San José, Costa Rica, since 1956

Tax Problems Force Closure of 30 Businesses

The Costa Rican Finance Ministry closed 30 businesses last week and plans to shutter more for failure to comply with financial obligations to the state.

Of those 30 businesses, 12 are in San José, nine in Guanacaste, five in Alajuela, two in Limón and two in Heredia. The businesses include hotels, restaurants, night clubs, auto repair shops, electrical appliance stores, hardware stores, accessory stores and a real estate and architecture firm.

According to the ministry, the businesses failed to turn in receipts for sales, failed to present a tax return within an established time frame or neglected to pay taxes.

An estimated 50 more business closures are expected before the end of the year, the ministry said. The deadline to pay income taxes in Costa Rica was Tuesday, Dec. 15.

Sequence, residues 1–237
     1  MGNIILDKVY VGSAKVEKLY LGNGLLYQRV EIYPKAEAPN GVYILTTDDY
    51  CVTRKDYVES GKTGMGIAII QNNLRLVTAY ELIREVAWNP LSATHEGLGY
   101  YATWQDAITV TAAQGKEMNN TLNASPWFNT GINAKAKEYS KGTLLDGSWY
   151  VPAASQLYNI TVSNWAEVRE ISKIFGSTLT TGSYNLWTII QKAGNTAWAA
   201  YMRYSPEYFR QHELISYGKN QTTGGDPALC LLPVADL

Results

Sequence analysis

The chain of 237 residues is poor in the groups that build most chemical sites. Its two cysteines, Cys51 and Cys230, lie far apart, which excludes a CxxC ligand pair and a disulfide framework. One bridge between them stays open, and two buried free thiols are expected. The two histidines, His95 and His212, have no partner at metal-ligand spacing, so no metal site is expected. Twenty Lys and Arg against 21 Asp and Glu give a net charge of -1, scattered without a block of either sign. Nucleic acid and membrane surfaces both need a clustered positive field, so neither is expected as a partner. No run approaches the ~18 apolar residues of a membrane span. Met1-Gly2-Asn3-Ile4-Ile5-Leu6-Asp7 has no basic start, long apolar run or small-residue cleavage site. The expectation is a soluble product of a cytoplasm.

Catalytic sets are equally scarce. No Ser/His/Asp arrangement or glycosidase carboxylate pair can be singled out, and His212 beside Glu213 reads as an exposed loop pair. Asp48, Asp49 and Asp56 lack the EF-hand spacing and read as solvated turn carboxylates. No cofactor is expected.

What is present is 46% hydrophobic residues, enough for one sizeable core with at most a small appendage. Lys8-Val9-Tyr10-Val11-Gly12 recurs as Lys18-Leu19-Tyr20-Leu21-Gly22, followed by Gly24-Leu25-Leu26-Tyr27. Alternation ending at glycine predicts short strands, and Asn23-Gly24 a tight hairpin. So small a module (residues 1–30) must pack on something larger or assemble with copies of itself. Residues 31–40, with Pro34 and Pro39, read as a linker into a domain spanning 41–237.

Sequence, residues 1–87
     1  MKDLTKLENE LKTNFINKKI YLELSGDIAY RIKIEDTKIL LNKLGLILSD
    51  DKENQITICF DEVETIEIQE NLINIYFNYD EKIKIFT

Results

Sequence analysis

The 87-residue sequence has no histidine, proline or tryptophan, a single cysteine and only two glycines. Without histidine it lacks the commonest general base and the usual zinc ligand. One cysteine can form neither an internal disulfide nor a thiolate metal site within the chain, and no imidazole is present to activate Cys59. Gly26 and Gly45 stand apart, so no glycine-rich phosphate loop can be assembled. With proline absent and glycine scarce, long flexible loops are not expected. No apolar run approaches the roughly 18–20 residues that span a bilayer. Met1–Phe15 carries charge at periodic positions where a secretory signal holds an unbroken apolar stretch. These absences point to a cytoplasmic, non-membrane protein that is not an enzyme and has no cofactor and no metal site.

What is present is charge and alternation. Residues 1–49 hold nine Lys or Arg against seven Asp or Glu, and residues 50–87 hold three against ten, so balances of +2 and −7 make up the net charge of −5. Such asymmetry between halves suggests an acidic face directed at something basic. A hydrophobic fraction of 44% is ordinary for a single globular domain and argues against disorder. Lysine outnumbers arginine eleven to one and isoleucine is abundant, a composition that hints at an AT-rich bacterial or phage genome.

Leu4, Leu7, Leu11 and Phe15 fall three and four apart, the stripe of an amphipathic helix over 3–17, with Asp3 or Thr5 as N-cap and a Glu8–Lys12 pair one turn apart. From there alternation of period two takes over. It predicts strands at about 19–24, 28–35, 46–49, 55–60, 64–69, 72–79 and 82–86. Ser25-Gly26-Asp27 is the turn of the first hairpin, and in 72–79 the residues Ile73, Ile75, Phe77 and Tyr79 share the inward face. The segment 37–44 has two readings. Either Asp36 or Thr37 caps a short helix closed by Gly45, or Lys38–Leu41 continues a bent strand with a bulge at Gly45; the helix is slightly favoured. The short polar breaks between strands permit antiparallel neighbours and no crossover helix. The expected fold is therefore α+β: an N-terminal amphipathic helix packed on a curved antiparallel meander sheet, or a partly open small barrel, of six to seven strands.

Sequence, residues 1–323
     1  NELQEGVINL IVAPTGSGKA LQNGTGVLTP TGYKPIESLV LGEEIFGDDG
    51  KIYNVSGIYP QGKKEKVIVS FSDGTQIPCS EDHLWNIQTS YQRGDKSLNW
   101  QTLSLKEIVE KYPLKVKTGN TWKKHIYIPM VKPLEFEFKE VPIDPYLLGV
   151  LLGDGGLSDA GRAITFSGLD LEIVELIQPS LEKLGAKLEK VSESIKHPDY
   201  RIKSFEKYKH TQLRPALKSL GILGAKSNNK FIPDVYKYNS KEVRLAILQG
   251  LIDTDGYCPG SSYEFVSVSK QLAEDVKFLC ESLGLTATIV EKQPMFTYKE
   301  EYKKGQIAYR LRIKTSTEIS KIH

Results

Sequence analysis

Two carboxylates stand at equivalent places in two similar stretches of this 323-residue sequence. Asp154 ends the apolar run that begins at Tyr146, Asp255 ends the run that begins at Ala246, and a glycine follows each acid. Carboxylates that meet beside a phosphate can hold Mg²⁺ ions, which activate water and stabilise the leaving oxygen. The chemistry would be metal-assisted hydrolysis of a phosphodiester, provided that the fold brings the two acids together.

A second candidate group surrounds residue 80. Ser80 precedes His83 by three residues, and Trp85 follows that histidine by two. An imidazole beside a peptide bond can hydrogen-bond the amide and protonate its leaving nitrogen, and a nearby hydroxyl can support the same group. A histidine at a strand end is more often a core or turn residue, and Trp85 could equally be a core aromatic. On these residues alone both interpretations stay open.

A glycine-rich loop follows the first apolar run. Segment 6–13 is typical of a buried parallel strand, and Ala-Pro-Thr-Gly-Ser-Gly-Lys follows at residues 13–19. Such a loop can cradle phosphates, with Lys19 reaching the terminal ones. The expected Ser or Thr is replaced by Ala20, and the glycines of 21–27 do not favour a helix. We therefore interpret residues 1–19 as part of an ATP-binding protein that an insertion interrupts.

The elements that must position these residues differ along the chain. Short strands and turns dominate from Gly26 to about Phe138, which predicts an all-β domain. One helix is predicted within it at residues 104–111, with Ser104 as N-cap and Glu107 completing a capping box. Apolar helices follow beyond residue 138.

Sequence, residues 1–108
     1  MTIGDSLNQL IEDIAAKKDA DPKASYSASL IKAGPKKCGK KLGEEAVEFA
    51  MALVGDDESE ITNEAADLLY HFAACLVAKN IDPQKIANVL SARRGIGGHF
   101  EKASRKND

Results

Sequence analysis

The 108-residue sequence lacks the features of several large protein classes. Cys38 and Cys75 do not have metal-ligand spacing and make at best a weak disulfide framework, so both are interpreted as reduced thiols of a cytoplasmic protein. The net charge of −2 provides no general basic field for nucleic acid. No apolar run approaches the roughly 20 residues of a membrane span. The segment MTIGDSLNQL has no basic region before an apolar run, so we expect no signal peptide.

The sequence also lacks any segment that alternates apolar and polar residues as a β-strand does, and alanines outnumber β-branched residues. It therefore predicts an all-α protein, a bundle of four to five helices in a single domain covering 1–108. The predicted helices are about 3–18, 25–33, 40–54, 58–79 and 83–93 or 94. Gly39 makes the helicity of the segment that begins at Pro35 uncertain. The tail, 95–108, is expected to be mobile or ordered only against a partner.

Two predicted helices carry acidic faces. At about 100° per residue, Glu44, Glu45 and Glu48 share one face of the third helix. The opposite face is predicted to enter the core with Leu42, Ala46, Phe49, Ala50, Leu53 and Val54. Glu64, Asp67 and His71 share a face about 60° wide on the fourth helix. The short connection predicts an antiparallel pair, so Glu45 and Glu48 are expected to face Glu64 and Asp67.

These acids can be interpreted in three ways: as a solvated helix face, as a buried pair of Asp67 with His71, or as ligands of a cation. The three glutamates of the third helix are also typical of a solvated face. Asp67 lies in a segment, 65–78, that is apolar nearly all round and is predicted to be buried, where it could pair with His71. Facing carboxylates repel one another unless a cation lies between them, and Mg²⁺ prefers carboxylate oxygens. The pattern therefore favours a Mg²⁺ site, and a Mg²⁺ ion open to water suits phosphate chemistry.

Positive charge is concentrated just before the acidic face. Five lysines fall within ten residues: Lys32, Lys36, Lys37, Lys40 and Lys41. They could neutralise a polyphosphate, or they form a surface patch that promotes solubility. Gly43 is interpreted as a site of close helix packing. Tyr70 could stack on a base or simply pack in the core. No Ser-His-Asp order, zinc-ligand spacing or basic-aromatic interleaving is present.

To date, 214 businesses have been closed in Costa Rica this year for failure to comply with financial obligations.

Loretta Rodríguez, vice minister of income for the Finance Ministry, indicated that ministry has increased efforts to collect taxes from businesses during a year of economic hardship.

“The economic crisis has caused a significant decrease in the payment of taxes,” Rodríguez said. “The Finance Ministry has strengthened information services and attention to taxpayers to facilitate voluntary fulfillment of tax obligations. The closing of businesses is a tool that demonstrates how we can be effective in decreasing companies’ failure to pay. We will keep using it through the end of the year so that taxpayers improve their behavior and correct their offenses.”

The Finance Ministry said delinquent businesses are given five days to pay outstanding taxes. If taxes are still unpaid at that point, a member of the National Police and two tax collectors go to the company site to shut down operations.

–Adam Williams

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